“Modern Day Slavery”

A Sermon by The Rev’d Wendy Morecroft

Psalm 1, Jeremiah 15:15-21, Colossians 3:22-4:9

May my utterances be precious and not worthless, serving as your mouthpiece O Lord. Jeremiah 15:19

Tonight’s Epistle reading about slaves, coincides with the forthcoming Freedom Sunday on 22 September.

The slaves and masters to whom Paul is writing in Colossae, were all members of the body of Christ. According to The New International Greek Testament Commentary, they would have had a similar working relationship to that of the servants and masters of a Victorian household.[1] I instantly thought of the TV Drama Series Downton Abbey. And then I wondered why is it, that from China to Canada this very English series is so incredibly popular? Kristie Brewer, writing for High50.com in 2014 said that “While the British public has long had a love affair with costume drama – not to mention Dame Maggie Smith – the rest of the world has also taken the show to its bosom…In 2013, the exploits of the aristocratic Crawley family were watched by an estimated global audience of 120 million.”[2]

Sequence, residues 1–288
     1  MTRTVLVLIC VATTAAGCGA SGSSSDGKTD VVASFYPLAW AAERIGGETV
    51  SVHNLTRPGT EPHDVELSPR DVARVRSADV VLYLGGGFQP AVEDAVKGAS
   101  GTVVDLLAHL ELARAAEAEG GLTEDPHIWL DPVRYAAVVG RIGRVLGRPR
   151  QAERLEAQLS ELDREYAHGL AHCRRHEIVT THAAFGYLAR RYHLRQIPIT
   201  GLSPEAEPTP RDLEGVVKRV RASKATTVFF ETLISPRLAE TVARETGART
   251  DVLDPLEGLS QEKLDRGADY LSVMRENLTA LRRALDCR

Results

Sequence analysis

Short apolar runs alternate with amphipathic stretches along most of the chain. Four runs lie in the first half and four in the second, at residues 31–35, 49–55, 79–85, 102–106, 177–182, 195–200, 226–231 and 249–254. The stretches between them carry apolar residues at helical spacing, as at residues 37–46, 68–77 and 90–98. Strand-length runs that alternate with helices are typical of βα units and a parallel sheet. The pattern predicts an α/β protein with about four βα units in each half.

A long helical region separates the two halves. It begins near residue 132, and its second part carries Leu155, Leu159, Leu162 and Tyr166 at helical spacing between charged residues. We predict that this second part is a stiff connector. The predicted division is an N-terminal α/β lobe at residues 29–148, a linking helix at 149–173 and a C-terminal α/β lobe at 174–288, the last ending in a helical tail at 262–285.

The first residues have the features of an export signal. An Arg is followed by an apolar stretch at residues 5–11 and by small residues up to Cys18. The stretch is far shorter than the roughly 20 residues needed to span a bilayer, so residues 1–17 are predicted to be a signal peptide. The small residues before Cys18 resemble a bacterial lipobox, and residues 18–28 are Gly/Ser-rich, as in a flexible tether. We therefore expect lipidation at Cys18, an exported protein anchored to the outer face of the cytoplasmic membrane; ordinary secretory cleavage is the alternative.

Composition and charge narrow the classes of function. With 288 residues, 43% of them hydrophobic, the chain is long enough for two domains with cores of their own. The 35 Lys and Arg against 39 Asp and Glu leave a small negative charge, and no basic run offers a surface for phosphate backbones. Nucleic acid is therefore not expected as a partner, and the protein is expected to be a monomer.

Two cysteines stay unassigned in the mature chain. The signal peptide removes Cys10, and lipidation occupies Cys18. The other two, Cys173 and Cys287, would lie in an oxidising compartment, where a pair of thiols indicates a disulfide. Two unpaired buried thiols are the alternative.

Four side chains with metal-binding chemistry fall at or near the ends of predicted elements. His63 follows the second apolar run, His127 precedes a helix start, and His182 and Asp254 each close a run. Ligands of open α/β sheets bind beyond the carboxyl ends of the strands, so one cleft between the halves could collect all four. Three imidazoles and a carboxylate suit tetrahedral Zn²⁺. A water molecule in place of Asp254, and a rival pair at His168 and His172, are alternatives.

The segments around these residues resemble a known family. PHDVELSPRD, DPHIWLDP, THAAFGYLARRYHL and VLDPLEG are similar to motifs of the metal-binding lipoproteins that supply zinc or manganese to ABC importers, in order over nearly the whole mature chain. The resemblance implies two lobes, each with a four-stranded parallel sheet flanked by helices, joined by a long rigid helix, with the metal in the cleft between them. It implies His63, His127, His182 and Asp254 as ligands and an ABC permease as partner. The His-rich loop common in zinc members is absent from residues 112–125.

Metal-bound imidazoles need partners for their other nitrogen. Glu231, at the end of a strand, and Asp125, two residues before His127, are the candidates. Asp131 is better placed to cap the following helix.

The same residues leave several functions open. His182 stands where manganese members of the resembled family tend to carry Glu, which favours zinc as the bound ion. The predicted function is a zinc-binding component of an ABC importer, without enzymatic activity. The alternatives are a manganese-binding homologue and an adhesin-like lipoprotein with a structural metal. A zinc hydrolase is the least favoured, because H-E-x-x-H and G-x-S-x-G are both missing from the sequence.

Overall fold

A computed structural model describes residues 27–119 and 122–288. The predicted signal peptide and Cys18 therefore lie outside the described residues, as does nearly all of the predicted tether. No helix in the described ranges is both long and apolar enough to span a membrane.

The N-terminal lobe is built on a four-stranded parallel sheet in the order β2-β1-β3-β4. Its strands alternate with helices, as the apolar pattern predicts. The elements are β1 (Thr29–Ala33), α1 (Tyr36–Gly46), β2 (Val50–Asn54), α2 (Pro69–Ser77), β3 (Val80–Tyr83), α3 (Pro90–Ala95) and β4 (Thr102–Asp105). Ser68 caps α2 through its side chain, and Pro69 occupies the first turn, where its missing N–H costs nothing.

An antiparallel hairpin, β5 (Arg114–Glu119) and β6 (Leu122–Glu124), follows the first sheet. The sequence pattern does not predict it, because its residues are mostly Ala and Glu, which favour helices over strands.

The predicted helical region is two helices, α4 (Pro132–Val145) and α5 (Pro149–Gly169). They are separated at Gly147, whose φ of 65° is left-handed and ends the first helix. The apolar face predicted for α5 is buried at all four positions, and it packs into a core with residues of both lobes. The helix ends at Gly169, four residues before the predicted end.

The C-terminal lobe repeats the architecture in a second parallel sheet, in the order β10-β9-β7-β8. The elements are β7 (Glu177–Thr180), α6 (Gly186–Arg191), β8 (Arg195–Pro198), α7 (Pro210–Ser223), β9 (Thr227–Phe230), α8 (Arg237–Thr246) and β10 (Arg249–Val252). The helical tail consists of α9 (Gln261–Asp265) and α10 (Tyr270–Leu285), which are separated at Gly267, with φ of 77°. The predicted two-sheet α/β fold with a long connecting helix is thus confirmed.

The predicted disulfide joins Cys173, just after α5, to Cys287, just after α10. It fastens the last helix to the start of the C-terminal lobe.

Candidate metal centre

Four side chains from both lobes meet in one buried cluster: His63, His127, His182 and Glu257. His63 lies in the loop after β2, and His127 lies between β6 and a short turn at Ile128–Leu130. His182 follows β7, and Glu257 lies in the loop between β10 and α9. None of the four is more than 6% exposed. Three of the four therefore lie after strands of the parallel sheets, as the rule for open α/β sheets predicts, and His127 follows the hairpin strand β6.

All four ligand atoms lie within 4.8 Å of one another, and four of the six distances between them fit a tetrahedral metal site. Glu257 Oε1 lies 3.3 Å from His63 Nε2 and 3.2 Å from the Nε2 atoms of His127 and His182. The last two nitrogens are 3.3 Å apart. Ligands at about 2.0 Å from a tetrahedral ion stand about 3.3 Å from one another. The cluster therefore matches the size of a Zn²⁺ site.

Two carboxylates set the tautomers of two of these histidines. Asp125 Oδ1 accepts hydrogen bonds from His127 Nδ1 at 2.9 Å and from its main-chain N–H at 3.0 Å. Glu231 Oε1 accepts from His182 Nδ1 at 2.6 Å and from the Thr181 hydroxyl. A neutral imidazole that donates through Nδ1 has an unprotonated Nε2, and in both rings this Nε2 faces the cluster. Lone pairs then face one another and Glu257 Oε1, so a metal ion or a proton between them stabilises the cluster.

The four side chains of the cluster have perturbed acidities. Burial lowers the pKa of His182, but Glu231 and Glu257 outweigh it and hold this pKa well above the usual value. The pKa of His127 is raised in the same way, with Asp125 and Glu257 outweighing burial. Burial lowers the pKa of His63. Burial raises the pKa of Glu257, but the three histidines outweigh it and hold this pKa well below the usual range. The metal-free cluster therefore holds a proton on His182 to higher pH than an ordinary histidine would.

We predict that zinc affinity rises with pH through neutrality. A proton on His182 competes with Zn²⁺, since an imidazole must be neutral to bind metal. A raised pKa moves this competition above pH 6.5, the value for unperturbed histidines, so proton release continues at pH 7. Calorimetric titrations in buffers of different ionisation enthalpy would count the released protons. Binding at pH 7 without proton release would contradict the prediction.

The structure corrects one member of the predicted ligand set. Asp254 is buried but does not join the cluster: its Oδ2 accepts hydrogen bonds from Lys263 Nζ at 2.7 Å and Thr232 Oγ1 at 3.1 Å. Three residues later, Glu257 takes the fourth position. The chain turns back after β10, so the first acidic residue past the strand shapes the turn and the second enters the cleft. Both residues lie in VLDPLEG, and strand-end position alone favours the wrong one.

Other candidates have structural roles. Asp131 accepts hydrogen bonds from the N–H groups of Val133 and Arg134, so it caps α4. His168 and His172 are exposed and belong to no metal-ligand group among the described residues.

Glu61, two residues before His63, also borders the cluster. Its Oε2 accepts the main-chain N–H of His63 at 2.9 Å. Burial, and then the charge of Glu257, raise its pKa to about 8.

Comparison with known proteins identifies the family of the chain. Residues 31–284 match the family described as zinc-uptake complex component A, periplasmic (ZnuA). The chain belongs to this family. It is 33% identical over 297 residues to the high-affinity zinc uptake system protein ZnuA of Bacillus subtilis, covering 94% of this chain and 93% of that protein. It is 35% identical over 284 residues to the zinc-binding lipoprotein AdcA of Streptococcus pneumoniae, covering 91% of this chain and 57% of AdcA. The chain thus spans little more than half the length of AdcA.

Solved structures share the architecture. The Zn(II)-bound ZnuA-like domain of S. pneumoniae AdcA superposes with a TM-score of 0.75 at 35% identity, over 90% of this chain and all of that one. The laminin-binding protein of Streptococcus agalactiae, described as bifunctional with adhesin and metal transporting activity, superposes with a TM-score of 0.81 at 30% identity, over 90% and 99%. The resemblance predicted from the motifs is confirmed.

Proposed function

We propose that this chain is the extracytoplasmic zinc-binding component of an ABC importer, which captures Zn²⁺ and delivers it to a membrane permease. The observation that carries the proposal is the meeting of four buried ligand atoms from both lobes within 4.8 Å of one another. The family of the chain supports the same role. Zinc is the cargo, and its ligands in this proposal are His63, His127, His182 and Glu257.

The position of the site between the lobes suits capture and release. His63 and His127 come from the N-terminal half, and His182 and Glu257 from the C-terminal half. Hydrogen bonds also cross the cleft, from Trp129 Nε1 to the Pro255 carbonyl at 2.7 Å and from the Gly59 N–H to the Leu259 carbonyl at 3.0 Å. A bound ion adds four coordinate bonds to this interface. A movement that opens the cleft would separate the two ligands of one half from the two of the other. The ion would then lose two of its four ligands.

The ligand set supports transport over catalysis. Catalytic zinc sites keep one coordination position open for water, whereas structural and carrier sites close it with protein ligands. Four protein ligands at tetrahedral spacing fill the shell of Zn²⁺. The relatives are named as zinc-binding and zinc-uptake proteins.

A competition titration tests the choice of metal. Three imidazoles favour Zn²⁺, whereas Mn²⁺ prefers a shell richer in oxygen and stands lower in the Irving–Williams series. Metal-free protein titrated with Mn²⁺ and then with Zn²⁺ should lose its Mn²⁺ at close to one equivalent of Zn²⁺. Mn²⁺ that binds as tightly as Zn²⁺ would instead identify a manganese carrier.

Writing about the show’s success for Vulture.com in March 2016, Jen Chaney suggested that the show invited us to empathise with the Crawley’s and to the same degree with the working-class characters who toiled away downstairs. “If anything, Downton Abbey enabled us to feel better about the 21st century’s increasingly wide gap between rich and poor, by watching how symbiotically rich and poor co-existed under one roof. With occasional exceptions, the series handled early 20th-centruy British society with the gentlest of white-glove hands, making the working conditions for everyone at Downton challenging, but not as gruelling or demeaning to the degree they probably were for many cooks, butlers, and lady’s maids who lived and worked at that time.”[3]

In the first 6 verses of tonight’s reading from Paul’s letter to the Colossians, he focusses his instruction much more to the slaves, than to the masters in the church. Paul tells the slaves “obey your earthly masters in everything, not only while being watched and in order to please them, but wholeheartedly, fearing the Lord. Whatever your task, put yourselves to it as done for the Lord and not for your masters, since you know that from the Lord you will receive the inheritance as your reward.” Paul’s only instruction to the masters to treat their slaves “justly and fairly”. The NIGTC Commentary rationalises the greater emphasis as likely because there were many more slaves than masters, and also because those masters who were abusing their slaves, may not have been members of the church.